On September 28, Samantha Cristoforetti became the first woman from Europe to take over as the new astronaut in command of the International Space Station (ISS). During her time aboard the orbiting laboratory, she recently stunned the netizens as she was photographed performing challenging yoga poses in zero gravity.
In a video posted on Twitter by Cosmic Kids, the astronaut can be seen performing various yoga poses in zero gravity. The video has already gone viral with many sharing her daunting task up in outer space, where mere existence is in itself a challenge. The video, however, does not confirm when it was taken.
The caption of the post read: “What happens when you try to do yoga in #SPACE? Here’s @AstroSamantha the astronaut doing #CosmicKids on the ISS!”
“On Earth, we have gravity which makes the poses work. But in space, there is only microgravity. So, your body is weightless. That makes yoga challenging,” explained the instructor as a prefix to the video shared on YouTube.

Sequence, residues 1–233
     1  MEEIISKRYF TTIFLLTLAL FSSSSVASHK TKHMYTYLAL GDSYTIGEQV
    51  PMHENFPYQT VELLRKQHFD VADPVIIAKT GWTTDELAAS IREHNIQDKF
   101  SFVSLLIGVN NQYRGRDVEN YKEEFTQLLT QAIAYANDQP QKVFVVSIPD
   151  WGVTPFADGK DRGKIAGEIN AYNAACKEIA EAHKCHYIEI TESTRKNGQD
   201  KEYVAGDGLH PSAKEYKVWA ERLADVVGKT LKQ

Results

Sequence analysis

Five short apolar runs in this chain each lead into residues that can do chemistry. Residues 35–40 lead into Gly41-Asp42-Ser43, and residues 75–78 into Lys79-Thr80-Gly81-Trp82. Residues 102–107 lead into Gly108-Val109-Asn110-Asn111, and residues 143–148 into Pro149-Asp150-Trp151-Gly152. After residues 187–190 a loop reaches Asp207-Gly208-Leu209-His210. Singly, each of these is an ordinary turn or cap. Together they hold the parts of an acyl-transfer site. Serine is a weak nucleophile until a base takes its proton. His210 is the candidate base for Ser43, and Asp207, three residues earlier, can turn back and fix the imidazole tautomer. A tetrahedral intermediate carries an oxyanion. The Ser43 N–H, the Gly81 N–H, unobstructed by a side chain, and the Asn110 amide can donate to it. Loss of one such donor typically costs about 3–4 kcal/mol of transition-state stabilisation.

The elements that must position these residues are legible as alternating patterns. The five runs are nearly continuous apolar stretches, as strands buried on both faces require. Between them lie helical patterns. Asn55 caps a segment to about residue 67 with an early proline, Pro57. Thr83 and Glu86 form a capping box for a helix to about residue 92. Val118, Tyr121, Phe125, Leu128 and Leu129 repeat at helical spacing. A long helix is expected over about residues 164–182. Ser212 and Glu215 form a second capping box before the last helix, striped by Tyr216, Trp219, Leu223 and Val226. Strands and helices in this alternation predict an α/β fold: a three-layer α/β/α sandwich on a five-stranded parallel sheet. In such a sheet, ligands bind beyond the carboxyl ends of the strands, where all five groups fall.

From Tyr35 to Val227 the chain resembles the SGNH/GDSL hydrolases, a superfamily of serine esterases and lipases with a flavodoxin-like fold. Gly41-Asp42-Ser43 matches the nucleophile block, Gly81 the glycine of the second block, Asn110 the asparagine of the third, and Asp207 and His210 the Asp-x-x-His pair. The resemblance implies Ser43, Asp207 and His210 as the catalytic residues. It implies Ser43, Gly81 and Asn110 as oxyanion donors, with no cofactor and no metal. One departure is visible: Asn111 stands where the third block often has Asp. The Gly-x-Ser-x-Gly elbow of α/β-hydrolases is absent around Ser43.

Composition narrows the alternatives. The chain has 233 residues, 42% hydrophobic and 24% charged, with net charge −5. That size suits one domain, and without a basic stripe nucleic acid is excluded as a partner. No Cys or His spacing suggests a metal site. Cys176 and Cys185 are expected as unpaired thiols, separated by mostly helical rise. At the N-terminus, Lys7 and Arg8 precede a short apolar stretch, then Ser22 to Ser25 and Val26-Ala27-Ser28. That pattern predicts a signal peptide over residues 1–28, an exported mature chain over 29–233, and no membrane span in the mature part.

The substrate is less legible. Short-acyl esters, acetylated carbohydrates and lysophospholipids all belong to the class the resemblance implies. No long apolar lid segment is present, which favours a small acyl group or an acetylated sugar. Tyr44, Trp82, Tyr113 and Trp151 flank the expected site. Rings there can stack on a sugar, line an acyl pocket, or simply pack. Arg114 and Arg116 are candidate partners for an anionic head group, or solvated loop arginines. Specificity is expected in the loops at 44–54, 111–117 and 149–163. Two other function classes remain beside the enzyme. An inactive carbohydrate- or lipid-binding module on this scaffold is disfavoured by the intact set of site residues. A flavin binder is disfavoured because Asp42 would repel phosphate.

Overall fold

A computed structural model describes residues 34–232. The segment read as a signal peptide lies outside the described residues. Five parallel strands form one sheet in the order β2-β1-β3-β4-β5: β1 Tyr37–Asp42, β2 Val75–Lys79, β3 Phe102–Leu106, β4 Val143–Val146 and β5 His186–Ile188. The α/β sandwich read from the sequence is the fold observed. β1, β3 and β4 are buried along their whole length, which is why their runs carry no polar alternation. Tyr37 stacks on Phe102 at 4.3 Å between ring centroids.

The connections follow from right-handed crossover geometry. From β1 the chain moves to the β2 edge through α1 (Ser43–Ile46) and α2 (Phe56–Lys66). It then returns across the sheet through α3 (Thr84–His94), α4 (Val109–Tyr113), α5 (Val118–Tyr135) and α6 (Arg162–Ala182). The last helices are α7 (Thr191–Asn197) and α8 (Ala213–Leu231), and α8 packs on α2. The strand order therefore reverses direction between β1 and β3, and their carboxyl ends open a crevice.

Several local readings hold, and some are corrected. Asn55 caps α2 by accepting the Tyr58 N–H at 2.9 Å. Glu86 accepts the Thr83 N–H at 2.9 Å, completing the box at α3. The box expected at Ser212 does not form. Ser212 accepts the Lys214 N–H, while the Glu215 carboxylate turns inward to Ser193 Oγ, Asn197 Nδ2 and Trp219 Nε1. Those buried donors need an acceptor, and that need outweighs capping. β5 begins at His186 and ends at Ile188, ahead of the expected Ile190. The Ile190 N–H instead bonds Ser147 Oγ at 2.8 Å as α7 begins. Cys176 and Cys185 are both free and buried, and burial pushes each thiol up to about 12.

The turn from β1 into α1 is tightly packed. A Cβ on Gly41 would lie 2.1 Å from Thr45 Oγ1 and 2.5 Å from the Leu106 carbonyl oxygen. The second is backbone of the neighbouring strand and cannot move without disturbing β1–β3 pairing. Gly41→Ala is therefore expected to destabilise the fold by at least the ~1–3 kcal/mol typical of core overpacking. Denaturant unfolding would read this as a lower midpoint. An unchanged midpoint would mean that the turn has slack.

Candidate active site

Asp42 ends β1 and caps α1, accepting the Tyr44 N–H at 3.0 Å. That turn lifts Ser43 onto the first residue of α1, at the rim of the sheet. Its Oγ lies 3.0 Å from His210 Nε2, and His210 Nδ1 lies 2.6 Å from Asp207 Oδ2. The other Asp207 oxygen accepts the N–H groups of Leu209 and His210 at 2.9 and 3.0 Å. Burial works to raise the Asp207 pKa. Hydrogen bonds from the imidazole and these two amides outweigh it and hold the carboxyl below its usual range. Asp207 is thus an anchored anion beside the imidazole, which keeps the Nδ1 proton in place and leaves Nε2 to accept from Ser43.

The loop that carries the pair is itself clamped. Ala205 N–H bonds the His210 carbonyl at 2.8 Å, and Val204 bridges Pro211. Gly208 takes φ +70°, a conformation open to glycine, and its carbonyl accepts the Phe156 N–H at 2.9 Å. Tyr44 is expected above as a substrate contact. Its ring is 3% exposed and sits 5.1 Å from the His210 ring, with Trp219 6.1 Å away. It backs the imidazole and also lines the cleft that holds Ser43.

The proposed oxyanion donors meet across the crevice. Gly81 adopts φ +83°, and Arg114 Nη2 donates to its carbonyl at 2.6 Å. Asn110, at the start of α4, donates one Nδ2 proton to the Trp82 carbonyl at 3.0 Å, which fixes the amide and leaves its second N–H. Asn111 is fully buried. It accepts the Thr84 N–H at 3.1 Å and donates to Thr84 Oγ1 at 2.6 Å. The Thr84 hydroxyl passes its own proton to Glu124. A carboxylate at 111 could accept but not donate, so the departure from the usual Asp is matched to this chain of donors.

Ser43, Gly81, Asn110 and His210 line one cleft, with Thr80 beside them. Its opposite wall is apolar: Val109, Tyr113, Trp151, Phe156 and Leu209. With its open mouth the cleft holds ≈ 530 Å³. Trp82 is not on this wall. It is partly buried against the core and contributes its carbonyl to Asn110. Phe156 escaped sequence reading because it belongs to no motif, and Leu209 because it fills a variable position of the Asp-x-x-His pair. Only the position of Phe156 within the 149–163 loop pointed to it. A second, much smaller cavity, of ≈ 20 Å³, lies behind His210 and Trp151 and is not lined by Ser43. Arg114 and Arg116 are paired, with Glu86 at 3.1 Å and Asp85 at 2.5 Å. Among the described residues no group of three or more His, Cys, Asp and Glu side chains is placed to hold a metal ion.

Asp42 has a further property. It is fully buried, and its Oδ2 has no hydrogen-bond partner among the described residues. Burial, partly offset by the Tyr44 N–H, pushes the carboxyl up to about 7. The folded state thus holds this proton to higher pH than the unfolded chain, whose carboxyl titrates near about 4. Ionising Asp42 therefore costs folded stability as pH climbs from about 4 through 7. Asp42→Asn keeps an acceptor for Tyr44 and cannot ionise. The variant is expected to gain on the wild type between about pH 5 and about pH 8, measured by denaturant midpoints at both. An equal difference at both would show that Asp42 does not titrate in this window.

Samantha Cristoforetti’s new role
During a change of command ceremony, outgoing Russian spaceman Oleg Artemyev noted that despite the recent socio-political conditions on Earth as a clear reference to the Ukraine crisis, the international community in space science still continues to work together.
During the ceremony, Artemyev presented the newly appointed ISS commander with a golden key, which signifies her new role. She will return to Earth on October 10. This is the second time that the former fighter pilot has been aboard the ISS. She joined the station’s crew as part of the European Space Agency’s mission.
According to the guidelines of the ISS, the commander is responsible for overseeing the various tasks performed by the station’s crew members.
The 45-year-old Italian astronaut became the ISS’s second commander after she arrived in April. She was a former fighter pilot in the Italian Air Force.
Samantha is the first non-US woman and fifth woman to become commander since the role was created in 2000. She is also the woman with the longest stay in space after clocking 199 days in orbit in 2014 and 2015.